HomeNewsDemonstrators in Poland defend late pope John Paul II

Demonstrators in Poland defend late pope John Paul II

The late pontiff is widely venerated in his homeland, even if the official cult of Saint John Paul II is beginning to show cracks, particularly among youth

Demonstrators gathered in Poland on Sunday to defend the reputation of late pope John Paul II, who has been accused of concealing child abuse crimes while he was archbishop of Krakow.

Thousands of people in the staunchly Catholic nation turned out in Warsaw on horseback, wearing historical costumes or draped with the flags of the Vatican and Poland, AFP journalists saw.

The events to honor John Paul II were planned by Catholic organizations with the open support of the governing Law and Justice party (PiS).

“As every honest man defends his children, father and mother, all of Poland defends John Paul II,” read one placard carried by demonstrators.

Mariusz Blaszczak, defense minister in the right-wing, populist PiS, which is facing parliamentary elections in a few months’ time, attended the rally in support of Poland’s famous son, born Karol Wojtyla.

Prime Minister Mateusz Morawiecki and President Andrzej Duda posted messages on their websites defending the late pontiff.

“What is happening in Poland is a huge scandal,” said demonstrator Alicja Fabertynowska. “It’s deliberately aimed at destroying his authority,” she said of John Paul II, who died on April 2, 2005.

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The late pontiff is widely venerated in his homeland, even if the official cult of Saint John Paul II is beginning to show cracks, particularly among youth.

Catholics hold lighted candles as they watch the funeral rites in Rome for Pope St. John Paul II on giant television screens set up at a Manila park April 8, 2005, where a simultaneous prayer rally was held. Pope St. John Paul II visited the Philippines twice; the first time in February 1981 and then in January 1995. (Photo by Jay Directo/AFP)

‘Maxima culpa’

On Sunday a statue of the late pope was defaced in the central city of Lodz. Its hands were covered in red paint and the monument was daubed with the words “Maxima culpa.”

The Latin phrase meaning “most grievous fault” refers to the title of a book by Dutch journalist Ekke Overbeek, recently published in Poland, which alleges the future pope knowingly concealed paedophilia within the Polish Catholic Church when he was archbishop of Krakow.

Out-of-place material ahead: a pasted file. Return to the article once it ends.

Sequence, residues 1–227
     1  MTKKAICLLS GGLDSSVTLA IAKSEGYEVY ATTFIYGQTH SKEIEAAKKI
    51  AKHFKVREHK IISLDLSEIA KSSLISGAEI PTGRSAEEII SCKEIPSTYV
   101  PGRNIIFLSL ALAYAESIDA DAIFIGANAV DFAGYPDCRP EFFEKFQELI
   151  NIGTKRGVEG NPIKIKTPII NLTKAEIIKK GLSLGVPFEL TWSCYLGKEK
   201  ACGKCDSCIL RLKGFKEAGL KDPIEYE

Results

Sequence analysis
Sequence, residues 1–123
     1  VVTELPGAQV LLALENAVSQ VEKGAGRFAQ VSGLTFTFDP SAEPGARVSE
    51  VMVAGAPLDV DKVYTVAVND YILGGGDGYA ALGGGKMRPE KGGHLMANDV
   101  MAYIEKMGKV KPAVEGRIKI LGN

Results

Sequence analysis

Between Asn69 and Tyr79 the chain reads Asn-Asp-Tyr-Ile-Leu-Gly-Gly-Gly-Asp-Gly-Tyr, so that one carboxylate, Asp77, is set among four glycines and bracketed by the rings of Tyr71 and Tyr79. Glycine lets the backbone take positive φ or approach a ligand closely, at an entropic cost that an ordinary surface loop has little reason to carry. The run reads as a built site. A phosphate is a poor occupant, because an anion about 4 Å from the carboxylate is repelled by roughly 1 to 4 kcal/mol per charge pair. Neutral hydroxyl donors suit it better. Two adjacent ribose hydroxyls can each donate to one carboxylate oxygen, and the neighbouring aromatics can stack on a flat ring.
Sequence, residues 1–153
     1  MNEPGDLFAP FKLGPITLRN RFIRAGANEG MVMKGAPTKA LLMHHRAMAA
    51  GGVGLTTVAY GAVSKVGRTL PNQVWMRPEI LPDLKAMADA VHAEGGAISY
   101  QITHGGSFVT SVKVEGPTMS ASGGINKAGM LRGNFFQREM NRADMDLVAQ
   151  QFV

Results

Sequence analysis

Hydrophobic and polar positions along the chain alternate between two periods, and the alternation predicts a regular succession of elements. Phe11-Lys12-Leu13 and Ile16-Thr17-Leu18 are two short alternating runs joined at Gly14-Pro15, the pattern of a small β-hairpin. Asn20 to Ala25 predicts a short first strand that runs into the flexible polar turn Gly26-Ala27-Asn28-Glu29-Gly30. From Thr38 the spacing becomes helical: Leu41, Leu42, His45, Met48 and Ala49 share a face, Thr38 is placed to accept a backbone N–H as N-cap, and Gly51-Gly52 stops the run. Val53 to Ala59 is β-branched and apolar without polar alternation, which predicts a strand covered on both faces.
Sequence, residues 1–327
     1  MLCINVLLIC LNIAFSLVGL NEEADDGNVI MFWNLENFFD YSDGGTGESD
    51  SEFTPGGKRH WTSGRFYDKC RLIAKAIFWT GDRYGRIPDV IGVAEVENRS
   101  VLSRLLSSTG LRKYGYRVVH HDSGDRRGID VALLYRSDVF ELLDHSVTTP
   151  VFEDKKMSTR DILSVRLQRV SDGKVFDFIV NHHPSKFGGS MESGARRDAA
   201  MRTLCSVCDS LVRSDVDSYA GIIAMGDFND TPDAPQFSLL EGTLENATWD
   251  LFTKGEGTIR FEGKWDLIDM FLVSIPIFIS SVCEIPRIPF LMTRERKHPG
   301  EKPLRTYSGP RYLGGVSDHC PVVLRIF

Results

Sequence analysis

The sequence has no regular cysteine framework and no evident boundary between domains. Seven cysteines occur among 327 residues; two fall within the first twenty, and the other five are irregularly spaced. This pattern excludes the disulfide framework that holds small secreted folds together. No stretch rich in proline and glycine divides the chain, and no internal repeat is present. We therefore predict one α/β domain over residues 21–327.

The book and an investigation aired by private broadcaster TVN have provoked angry debate in Poland, pitting the government and Church against the political left-wing and centre.

“We pass the test by carrying the truth, which must oppose lies, slander and insults,” Morawiecki said on Twitter.

PiS leader Jaroslaw Kaczynski sent a letter to party members saying: “We thank God for this immeasurable gift that the Polish pope was and remains for the Church, for Poland and for the world.”

“We stand to defend his honor and his good name.”

Kaczynski and Morawiecki were due on Sunday evening to attend a concert organised by state TV in the main square of Wadowice, where Wojtyla was born.

National rail company PKP handed out the late pontiff’s favourite cream cakes to passengers on some high-speed trains.

The president, Duda, is scheduled to travel to the Vatican on Monday to kneel before John Paul II’s tomb.

A portrait of Pope St. John Paul II on a card in a kiosk against a busy Rome street, Aug. 5, 2011. (shutterstock.com photo)

Allegations of cover-up

Last month, days before “Maxima Culpa” went on sale in Poland, TVN aired an investigation saying Cardinal Karol Wojtyla, as he then was, protected paedophile priests while he was head of the Church in Krakow.

He transferred the priests to other dioceses — one as far away as Austria — to ensure no scandal ensued, investigator Michal Gutowski said.

Wojtyla, who was pope for 27 years from 1978, wrote a letter of recommendation for a priest accused of abuse to Vienna Cardinal Franz Koenig, without mentioning the accusations, says Gutowski.

During his investigation, Gutowski says he spoke to victims of paedophile priests, their families and former Church diocese employees.

He cites documents from the former Communist-era SB secret police and rare Church documents to which he managed to get access.

But Gutowski said the Krakow diocese had refused him access to its own documentary archives.

The Polish Church has in the past refused to provide documents to the judiciary or a public commission of enquiry investigating cases of clergy abusing minors.

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